Trail Dispatch – Pondering Our Legacy



pondering_eliz.jpg Coordinates: 69.36.014 N, 73.18.928 W
Distance Traveled: 21 mi / 32 km
Temperature: 5 °F / -15 °C
Wind: 0-5 MPH /0-8 KPH
Cloud Cover: Clear skies
Sunrise: 3:31 a.m.
Sunset: 10:14 a.m.

Our days are full of light and sun. Darkness has left this corner of the Arctic and left us with a lovely lingering dusk through our sleeping hours. We rise at 5:30 a.m. with sun-filled tents and light our stoves with relative ease. We break a light sweat packing our sleds and harnessing dogs. By noon the sun is as high as it will be in its low arc across the sky and we are down to one long underwear layer on top. We have swapped our winter hats for ball caps and visors, and reapply sunscreen again and again to our sunburned faces.

In an effort to adapt to the warmer weather, we stop for longer breaks at midday and travel longer in the morning and late afternoon. Today’s break came close to 2 p.m.. We gathered around Lukie’s sleds to look at the maps to calibrate our distance. Gathering together as a group like this somewhat rare, but that much more important with our guest expedition members on board. There are lots of questions to be asked, thoughts to be shared and opinions to be aired. Today’s discussion turned to global warming and public perceptions of the issue.

pondering_stetvies.jpg “What do you tell people who feel overwhelmed by the issue of climate?”, someone asked. Theo was the first to respond. “Take a look at the people of Clyde River”, he suggested. “Here they are, way up in the Arctic, far away from everybody, but they know about climate change and they’re doing something about it.” Theo is right. Many people in Clyde River use energy-saving bulbs, buy recycled products and support local investment in alternative energy sources. They are doing their small part as individuals to contribute to a bigger movement towards change.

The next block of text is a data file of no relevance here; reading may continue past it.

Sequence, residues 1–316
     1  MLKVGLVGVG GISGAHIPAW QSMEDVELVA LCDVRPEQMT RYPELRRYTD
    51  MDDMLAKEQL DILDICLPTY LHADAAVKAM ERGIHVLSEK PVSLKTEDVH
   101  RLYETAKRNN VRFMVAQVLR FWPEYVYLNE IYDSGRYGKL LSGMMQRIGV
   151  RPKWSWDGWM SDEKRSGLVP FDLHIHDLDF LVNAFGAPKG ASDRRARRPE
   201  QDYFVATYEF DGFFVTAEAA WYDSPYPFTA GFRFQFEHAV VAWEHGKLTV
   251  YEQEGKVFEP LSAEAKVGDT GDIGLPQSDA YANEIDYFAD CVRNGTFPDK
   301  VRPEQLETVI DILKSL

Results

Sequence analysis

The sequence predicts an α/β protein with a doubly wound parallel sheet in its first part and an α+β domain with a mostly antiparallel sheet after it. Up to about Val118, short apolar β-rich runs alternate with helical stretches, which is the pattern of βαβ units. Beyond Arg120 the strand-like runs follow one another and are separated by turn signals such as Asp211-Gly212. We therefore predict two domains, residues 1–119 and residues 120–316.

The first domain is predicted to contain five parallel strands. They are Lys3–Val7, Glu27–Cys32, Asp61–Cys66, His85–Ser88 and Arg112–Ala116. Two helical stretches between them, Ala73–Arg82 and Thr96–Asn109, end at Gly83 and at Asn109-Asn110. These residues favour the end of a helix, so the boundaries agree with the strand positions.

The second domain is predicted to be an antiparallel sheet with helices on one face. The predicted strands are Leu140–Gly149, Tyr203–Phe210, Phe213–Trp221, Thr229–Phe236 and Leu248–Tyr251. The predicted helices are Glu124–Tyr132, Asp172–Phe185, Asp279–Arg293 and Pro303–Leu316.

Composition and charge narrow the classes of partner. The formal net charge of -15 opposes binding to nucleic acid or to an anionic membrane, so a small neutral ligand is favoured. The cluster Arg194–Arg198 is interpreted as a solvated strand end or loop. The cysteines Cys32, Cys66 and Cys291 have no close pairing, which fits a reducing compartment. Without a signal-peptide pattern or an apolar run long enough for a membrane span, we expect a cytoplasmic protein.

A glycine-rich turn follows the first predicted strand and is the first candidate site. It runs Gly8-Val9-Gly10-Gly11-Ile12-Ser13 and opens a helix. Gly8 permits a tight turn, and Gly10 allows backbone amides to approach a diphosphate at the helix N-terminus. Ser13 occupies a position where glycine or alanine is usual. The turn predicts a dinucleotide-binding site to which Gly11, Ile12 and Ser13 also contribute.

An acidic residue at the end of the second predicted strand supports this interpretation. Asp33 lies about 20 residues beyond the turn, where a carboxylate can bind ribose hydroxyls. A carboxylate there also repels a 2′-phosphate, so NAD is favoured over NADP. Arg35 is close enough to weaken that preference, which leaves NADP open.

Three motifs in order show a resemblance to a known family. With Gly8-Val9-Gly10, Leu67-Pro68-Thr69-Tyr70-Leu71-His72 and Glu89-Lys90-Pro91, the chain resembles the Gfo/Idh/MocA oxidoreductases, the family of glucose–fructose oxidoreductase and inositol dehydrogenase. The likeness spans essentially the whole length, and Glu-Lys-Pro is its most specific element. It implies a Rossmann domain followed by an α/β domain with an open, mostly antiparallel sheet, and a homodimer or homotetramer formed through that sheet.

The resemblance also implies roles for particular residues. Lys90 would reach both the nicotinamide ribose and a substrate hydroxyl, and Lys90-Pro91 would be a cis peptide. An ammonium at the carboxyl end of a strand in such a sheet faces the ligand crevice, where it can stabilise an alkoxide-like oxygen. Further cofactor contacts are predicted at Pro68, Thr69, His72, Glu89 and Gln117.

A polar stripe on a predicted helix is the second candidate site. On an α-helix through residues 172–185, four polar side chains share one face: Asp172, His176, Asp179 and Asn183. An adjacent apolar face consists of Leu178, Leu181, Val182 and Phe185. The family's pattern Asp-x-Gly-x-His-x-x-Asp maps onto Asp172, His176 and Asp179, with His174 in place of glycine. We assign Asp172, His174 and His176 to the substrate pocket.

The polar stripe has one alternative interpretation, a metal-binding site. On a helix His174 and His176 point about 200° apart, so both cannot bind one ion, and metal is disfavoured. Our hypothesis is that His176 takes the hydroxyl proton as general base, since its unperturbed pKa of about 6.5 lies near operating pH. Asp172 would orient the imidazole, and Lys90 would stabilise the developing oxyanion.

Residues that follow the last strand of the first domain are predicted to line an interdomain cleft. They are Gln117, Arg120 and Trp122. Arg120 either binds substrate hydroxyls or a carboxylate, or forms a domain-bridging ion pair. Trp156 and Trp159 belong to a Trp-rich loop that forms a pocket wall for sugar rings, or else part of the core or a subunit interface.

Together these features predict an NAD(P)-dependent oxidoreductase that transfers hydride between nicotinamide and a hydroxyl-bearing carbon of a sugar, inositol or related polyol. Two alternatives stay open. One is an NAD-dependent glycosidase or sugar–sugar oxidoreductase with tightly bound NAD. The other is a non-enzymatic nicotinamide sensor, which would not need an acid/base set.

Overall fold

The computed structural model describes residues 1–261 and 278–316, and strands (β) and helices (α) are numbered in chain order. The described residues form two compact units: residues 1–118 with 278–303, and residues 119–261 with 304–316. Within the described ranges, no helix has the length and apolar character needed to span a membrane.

Elizabeth spoke up about the need for hope. “Currently we lack any comprehensive vision of global warming solutions. Solutions exist but it’s easy to get overwhelmed when all we hear in the media is gloom and doom”. She pointed to the expedition as a way to encourage hope and action, but also called for stronger leadership from government and big business.

Richard Branson threw in his two cents, encouraging us all to hold our governments accountable for mandating policies to slow global warming. “Governments can do this,” he said, “and they should”. Richard is an excellent example of big business effecting positive social change. His company, Virgin-Atlantic, is pioneering new ground with their own environmental policies, leading the way in the airline industry and industries around the world.

As we mush a little closer to our final destination everyday, our thoughts turn more often to the meaning of the expedition. What will our legacy be? Where will we go from here? To Washingon D.C. for starters! But until then..it’s Iglulik or bust.

 

A bright goodnight,
Abby

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